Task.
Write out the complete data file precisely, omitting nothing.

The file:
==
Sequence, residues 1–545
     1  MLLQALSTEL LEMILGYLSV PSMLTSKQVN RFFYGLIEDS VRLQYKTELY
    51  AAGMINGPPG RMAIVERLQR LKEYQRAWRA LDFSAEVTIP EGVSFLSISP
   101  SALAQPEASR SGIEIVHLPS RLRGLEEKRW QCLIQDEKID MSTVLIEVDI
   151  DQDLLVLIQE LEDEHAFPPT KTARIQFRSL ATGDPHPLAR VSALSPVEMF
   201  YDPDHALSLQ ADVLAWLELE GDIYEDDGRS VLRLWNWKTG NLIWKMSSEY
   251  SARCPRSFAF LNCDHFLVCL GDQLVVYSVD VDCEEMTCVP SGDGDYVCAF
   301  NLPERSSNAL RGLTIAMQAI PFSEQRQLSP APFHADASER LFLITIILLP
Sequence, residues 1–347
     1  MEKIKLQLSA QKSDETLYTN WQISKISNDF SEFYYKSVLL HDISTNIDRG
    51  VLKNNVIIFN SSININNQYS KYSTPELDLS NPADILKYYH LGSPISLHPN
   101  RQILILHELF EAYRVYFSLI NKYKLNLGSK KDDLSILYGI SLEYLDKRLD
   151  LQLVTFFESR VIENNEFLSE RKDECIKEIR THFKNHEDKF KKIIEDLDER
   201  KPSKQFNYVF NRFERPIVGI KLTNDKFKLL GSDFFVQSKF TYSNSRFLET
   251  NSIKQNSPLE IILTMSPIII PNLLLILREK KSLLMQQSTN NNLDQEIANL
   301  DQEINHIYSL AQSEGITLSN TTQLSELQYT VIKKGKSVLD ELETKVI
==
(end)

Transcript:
Sequence, residues 1–545
     1  MLLQALSTEL LEMILGYLSV PSMLTSKQVN RFFYGLIEDS VRLQYKTELY
    51  AAGMINGPPG RMAIVERLQR LKEYQRAWRA LDFSAEVTIP EGVSFLSISP
   101  SALAQPEASR SGIEIVHLPS RLRGLEEKRW QCLIQDEKID MSTVLIEVDI
   151  DQDLLVLIQE LEDEHAFPPT KTARIQFRSL ATGDPHPLAR VSALSPVEMF
   201  YDPDHALSLQ ADVLAWLELE GDIYEDDGRS VLRLWNWKTG NLIWKMSSEY
   251  SARCPRSFAF LNCDHFLVCL GDQLVVYSVD VDCEEMTCVP SGDGDYVCAF
   301  NLPERSSNAL RGLTIAMQAI PFSEQRQLSP APFHADASER LFLITIILLP
Sequence, residues 1–347
     1  MEKIKLQLSA QKSDETLYTN WQISKISNDF SEFYYKSVLL HDISTNIDRG
    51  VLKNNVIIFN SSININNQYS KYSTPELDLS NPADILKYYH LGSPISLHPN
   101  RQILILHELF EAYRVYFSLI NKYKLNLGSK KDDLSILYGI SLEYLDKRLD
   151  LQLVTFFESR VIENNEFLSE RKDECIKEIR THFKNHEDKF KKIIEDLDER
   201  KPSKQFNYVF NRFERPIVGI KLTNDKFKLL GSDFFVQSKF TYSNSRFLET
   251  NSIKQNSPLE IILTMSPIII PNLLLILREK KSLLMQQSTN NNLDQEIANL
   301  DQEINHIYSL AQSEGITLSN TTQLSELQYT VIKKGKSVLD ELETKVI